I don't know of any CFL deal in Florida. They are getting pretty cheap at the mass marketers tho and I am switching over a lot of my stuff. I still have some things that don't like CFLs. A device type occupancy sensor is not happy with one. These use the load as part of the operating current path and a CFL does not present enough load in the off position. It just flickers and glows. I didn't wait long enough to see what, if anything burns up. They seem perfectly happy with a 15w sign bulb so that is what the one in my new room got. This is just "walking through" light so it is OK for me and to the light bulb police, "come and get me copper".
Personally, You'll never get me to use any sort of CFL lamp in my house until I can be convinced that they are safe to use. Reason I say that, is because, I have been to more than a few domestic fire calls related to these lamps and have had a couple of bad experiences myself with the things overheating in use, one even caught fire and badly scorched the ceiling around it.
I use fluorescent fittings in my workshop (twin tube 58W units) and I've never had a problem with them, so why are these CFL's so prone to early failure? And a catastrophic failure at that. Could it be sub-standard materials or manufacturing processes?
This typically British fiasco was caused by everyone running round like headless chickens trying to prove how 'green' they are and succeeding only in proving their heads are, indeed, ...er...cabbages.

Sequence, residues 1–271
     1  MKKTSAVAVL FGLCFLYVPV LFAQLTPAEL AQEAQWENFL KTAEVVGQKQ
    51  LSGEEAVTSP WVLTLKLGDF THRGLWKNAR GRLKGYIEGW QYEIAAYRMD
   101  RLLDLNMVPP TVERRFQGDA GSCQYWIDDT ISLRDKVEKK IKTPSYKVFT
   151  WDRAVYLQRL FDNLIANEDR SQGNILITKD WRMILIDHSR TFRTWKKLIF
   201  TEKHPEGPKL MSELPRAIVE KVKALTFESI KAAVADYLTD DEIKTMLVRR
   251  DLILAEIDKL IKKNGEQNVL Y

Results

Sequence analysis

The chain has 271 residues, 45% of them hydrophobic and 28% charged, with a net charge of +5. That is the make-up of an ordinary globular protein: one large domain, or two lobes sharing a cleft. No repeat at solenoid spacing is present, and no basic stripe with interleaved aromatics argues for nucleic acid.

The Pocos faced massive fines from the Regulator [Ofgem], if they did not implement carbon reduction schemes. The free CFL scam was their answer- it cost a lot less than the fines- and they delivered them gratis to households by the bucketful to folks who hated them and had firmly resisted the notion of actually buying the dratted things. It is thought that most of them are sitting unused in millions of kitchen drawers. Not only that, but they posted cheap outdated models too, with dubious light output and life claims. Then put up their rates to protect the bottom line so that poor old Joe Soap kinda got it in the shorts, twice.
I have now discovered that the old filament bulbs are freely available at electricians' wholesale outlets in the UK for industrial use. Just tell the clerk they are for your factory!
It is thought that most of them are sitting unused in millions of kitchen drawers.
Mine included. They were being given away in shopping centres so of course I took them. But, yes they've been in their pretty carton, with decorative string handle, unopened under the kitchen sink for about the last four years. Reason being the only place I use them now is for my hand held lead lamp for working on the car. (One drop and an incandescent lamp is ruined if it's switched on). On the other hand, the rest of the drawer/cupboard space is crammed with as many incandescent bulbs as I could squeeze in.
Fortunately they haven't outlawed incandescents here yet but they are telling us how great CFLs are. I have been using them with no serious problems except the motion sensor problem. I still like the warmer light of the incandescent but some places I can live with them, like the garage and the post light outside. It is a little frustrating sometimes that they take a couple seconds to come on.